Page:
• > 10 sites
        • key target is reliability
        • load level targets to be set
  • The problem (Bernd)
    • One copy of the LHC raw data for each of the LHC experiments is shared among the Tier-1’s
    • Full copies of the ESD data (1/2 of raw data size)
    • Total ~10PB/year exported from CERN
    • The full machinery for doing this automatically should be in place for full-scale tests in 2006
  • Tier-1 resources
    • Not yet ready with interface to MSS
    • 1Gbit
    IN2P3/Lyon
    • 10Gbit since more than a year
    • Running data challenges for experiments but mainly CPU intensive
    NIKHEF/SARA
    • SRM service almost ready (in a month)
    • One gridftp node
    • OC12 connection, not much used
    BNL
    • 1Gbit at present, expanding to 10Gbit in October/November
    • Storage system is ready (dCache + TSM)
    GridKA
    • Just finished CMS DC – very labor intensive
    • Enough resources to sustain 2TB/day
    FNAL
    • Gbit link at present
    • Parallel activities from ATLAS and CMS
    • Not enough effort to dedicate for the moment
    • More hardware in September
    RAL
    • 2 machines purchased, 1Gbit(?)
    TRIUMF
  • Agreed tests
    • Simple disk-to-disk, peer-to-peer
    • Simple disk-to-disk, one-to-many
    • MSS-to-MSS
    • In parallel?
      • Transfer scheduling
      • Replica catalogue & management
  • Timescales Transfer scheduling FNAL BNL TRIUMF RAL SRM-Basic ready(?) one-to-many? June July Aug Sept Oct Nov Dec Jan’05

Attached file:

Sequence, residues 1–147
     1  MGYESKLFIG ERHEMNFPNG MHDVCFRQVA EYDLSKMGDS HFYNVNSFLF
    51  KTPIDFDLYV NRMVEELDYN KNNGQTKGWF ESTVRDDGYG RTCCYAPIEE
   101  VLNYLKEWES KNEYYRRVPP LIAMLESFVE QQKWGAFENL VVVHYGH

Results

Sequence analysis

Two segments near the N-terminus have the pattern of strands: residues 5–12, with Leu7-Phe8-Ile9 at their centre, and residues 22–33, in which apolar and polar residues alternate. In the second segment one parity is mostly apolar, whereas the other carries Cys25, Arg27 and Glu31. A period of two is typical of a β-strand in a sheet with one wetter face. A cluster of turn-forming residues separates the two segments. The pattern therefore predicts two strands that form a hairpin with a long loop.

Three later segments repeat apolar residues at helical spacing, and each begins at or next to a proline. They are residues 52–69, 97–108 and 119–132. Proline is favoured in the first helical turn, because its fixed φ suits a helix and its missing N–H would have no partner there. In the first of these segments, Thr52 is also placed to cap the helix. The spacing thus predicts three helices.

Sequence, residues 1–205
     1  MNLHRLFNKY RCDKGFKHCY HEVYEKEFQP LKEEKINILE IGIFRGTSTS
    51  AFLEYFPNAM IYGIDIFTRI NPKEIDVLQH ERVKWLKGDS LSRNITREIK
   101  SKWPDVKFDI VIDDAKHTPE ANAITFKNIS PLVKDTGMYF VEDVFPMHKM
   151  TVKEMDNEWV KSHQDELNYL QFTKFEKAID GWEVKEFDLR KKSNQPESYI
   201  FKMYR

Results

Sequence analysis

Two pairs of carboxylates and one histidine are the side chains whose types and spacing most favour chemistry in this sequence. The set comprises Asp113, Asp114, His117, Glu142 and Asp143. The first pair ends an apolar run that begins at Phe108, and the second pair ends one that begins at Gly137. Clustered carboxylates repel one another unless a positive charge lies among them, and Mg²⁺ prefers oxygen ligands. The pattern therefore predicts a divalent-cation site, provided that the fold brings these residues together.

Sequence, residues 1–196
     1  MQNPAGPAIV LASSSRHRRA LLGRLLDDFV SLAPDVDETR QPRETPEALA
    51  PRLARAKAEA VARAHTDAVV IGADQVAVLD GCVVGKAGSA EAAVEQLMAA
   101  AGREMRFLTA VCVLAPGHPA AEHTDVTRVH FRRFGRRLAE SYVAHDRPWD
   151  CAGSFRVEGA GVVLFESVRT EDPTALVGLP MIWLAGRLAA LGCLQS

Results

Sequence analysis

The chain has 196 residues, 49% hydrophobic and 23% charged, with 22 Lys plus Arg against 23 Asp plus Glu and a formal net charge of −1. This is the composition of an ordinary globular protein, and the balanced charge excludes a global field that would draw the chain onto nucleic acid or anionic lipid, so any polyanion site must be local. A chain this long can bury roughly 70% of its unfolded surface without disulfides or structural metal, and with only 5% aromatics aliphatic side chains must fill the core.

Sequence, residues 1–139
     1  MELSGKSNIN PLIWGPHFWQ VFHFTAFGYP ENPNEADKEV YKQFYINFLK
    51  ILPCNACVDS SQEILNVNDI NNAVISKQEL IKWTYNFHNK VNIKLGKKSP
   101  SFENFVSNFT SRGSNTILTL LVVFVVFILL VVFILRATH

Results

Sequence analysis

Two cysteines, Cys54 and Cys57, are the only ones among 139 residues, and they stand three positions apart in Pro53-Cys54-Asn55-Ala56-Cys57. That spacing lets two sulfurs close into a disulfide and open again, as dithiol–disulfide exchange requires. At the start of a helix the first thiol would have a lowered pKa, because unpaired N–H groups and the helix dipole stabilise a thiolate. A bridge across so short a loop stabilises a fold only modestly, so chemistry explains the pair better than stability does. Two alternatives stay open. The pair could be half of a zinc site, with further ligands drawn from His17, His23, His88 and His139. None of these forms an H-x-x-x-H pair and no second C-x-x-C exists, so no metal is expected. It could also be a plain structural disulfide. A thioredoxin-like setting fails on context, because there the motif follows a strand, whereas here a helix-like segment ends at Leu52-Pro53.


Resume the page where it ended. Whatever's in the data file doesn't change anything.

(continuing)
• Next steps
    • Statements from the other Tier-1’s
      • NIKHEF, GridKA, Lyon
      • PIC, CNAF, others?
    • Who is driving/coordinating? site contacts?
    • Meetings ?
    • Speed up SRM-basic specification process
    • ...
  • Final Sessions
    • Investigations at FNAL to match storage systems to the characteristics of wide area networking
  • Wide Area Characteristics
    • Most prominent characteristic, compared to LAN, is the very large bandwidth*delay product.
    • Underlying structure – it’s a packet world!
    • Possible to use pipes between specific sites
        • These circuits can be both static and dynamic
        • Both IP and non-IP (for example, Fibre-channel over sonet)
      • FNAL has proposed investigations and has just begun studies with its storage systems to optimize WAN file transfers using pipes.
  • Strategies
    • Smaller, lower bandwidth TCP streams in parallel
      • Examples of these are GridFTP and BBftp
    • Tweak AIMD algorithm
      • Logic is in the sender’s kernel stack only (congestion window)
      • FAST, and others – USCMS used an FNAL kernel mod in DC04
        • May not be “fair” to others using shared network resources
    • Break the stream model, use UDP and ‘cleverness’, especially for file transfers. But: